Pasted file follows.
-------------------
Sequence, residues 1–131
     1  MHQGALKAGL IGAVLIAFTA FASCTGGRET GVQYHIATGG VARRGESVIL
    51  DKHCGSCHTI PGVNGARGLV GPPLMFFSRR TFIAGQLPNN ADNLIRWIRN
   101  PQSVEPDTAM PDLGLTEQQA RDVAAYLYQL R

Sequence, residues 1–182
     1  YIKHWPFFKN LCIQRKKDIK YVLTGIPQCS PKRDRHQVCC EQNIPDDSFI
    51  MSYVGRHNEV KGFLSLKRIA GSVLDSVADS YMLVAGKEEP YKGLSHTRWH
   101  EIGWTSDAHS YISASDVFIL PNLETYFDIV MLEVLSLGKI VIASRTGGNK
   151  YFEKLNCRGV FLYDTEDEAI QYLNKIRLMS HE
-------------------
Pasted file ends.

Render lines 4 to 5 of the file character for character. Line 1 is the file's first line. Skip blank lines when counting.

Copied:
   101  PQSVEPDTAM PDLGLTEQQA RDVAAYLYQL R

Sequence, residues 1–182